Appulse is the least apparent distance between one celestial object and another, as seen from a third body during a given period. Appulse is seen in the apparent motion typical of two planets together in the sky, or of the Moon to a star or planet while the Moon orbits Earth, as seen from Earth. An appulse is an apparent phenomenon caused by perspective only; the two objects involved are not near in physical space.
An appulse is related to a conjunction, but the definitions differ in detail. While an appulse occurs when the apparent separation between two bodies is at its minimum, a conjunction occurs at the moment when the two bodies have the same right ascension or ecliptic longitude. In general, the precise time of an appulse will be different from that of a conjunction.
Objects which exhibit retrograde motion (such as planets) occasionally display an appulse event without an associated conjunction event. In these cases, the two objects appear to approach each other, but turn away before reaching a momentary coincidence of right ascension.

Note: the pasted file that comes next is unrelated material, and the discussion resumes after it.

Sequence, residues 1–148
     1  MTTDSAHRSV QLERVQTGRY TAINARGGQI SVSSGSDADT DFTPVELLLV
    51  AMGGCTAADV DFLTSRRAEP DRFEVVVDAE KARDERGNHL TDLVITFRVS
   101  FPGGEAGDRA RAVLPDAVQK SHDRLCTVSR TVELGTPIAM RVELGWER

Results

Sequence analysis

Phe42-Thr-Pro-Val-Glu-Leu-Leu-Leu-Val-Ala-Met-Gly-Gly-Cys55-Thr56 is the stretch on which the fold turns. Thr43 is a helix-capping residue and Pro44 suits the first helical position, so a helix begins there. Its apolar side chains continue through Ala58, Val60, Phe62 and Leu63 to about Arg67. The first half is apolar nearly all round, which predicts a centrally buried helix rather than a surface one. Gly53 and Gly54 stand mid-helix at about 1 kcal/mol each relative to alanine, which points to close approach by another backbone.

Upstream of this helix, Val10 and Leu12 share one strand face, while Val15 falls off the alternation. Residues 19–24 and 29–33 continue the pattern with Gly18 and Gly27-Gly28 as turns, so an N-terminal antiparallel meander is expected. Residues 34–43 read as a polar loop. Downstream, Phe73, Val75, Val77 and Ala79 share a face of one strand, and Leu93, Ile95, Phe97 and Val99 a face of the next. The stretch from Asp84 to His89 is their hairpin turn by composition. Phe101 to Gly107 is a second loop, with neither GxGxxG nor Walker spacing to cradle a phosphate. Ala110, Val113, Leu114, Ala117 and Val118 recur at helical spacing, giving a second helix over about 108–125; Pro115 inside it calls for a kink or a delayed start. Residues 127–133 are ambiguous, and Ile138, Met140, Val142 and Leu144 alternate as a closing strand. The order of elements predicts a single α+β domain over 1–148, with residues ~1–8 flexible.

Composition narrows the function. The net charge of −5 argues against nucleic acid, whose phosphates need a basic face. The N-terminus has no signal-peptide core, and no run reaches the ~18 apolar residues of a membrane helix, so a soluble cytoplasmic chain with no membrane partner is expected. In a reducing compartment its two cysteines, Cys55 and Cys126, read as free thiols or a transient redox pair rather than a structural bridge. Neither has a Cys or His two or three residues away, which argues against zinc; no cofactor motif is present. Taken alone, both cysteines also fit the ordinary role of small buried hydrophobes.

Appulses are naked-eye events for general observers when involving bright planets and the Moon. They facilitate finding faint objects when such objects are involved. Very close appulse events provide an opportunity to witness two objects together in the same telescopic field of view, which is an appealing curiosity in amateur telescopy.
- Her Majesty's Nautical Almanac Office and United States Naval Observatory (2012). "Appulse". Glossary, The Astronomical Almanac Online. Retrieved 2014-10-28.
- Jean Meeus (1991). Astronomical Algorithms. Astronomical Algorithms. Willman-Bell Inc., Richmond, Virginia.
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